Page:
In the second part of our student apps blog series for uni starters, AbilityNet's DSA (Disabled Student Allowance) assessors Abbie Osborne and Adam Tweed give their top app ideas for disabled students. The first part, last week, looked at apps for focus and motivation. This time we look at some of the top apps to support students who are autistic, who have dyslexia and students who need help with processing and organisation.
AbilityNet's DSA assessors work with disabled students and those with mental health issues across the country to advise on the best assistive tech to support them in their studies and in managing their lives.
Check out their list of game-changing apps below:
1 Emergency Chat App
The Emergency Chat App is mainly designed for someone to use when they have an autisic meltdown. The person having the meltdown can bring up a pre-determined message on their phone for those around them. The message would explain what is happening and what they need.
In such situations talking can become impossible because speech centres become non-functional for a while, even after the person has recovered. Any kind of physical touch is often uncomfortable for the person experiencing the meltdown too. At university, where there are lots of new situations and new people, such an app could prove useful. The app also has a simple chat client which someone can use to communicate basic further information if needed.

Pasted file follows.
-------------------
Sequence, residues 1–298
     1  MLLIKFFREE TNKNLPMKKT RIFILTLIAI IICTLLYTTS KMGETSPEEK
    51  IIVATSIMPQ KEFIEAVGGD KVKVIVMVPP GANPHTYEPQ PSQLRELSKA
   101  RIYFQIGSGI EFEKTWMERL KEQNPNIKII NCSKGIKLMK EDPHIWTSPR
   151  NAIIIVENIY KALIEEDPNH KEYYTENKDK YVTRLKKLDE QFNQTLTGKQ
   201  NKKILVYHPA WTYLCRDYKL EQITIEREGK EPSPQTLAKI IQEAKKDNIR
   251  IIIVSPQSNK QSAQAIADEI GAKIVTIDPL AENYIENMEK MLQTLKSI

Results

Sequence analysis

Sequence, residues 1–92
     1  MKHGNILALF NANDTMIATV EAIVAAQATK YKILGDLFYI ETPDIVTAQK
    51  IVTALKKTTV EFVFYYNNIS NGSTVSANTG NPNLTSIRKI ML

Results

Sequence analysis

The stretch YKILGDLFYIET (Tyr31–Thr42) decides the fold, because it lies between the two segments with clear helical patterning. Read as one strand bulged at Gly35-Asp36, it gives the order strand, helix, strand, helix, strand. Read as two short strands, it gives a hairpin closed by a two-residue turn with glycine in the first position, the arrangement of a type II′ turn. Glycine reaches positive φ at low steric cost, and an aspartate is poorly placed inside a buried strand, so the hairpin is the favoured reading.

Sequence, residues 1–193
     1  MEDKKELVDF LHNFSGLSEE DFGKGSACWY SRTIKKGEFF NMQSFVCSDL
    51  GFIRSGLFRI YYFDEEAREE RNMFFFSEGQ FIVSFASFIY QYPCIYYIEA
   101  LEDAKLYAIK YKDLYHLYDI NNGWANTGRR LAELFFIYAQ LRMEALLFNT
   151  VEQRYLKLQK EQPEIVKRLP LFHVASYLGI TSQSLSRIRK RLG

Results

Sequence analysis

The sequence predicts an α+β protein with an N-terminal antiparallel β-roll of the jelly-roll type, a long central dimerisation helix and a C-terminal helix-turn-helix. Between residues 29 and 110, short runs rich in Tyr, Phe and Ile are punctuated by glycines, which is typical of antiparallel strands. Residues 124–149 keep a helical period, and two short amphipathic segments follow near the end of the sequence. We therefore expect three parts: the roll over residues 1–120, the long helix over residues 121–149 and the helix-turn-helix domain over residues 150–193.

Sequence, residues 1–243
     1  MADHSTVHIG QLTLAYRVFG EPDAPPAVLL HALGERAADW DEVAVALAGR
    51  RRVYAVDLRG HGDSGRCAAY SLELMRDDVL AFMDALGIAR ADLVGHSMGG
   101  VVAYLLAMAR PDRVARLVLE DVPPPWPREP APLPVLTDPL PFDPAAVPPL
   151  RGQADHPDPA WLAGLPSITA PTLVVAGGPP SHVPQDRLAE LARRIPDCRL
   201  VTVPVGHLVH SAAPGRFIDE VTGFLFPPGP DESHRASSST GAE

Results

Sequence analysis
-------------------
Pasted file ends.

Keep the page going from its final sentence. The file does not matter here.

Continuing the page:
2 Google Dictionary
This is a super-nifty app that anyone can use - just highlight a word and instantly see the definition of that word.
This is a popular to-do list application, which offers multiple options to categorise lists and postone and organise them for future dates. You'll have a separate list for complete tasks and can also have shared lists with course mates. Best of all you get a nice congratulations message when you've completed your tasks.
4 Hemingway app
This app can make writing kind of fun and less of a chore. Just enter your text and any lengthy, complex sentences and common errors will be highlighted, giving you the opportunity to edit. If you see a yellow sentence, the app is suggesting you shorten or split it. If you see a red highlight, it means that your sentence could be perceived as far too dense and complicated. A purple hightlight means you could use a shorter word, ie, 'use' instead of 'utilise'. If you move your mouse over the highlight, you'll get hints.
5 AT Bar
Not strictly an app, but this Google Chrome Extension is an open-source, cross-browser toolbar to help users customise the way they view and interact with web pages. Drag all of the functionality you usually find useful into the tool bar to change the look and feel of webpages to suit you. Try dragging in the increase and decrease font size options for quick access, have text read aloud, use coloured overlays, readability and a dictionary to aid reading. Spell check forms and try word prediction when writing.
It's designed for those who may not have their assistive technologies to hand and need a quick way of accessing text on the screen and can help those with low vision, dyslexia and other reading difficulties, as well as those who may wish to just reduce the glare of black text on bright white backgrounds.
- Find out more about our DSA service here.
- Call our helpline on 0800 269 545 for more info.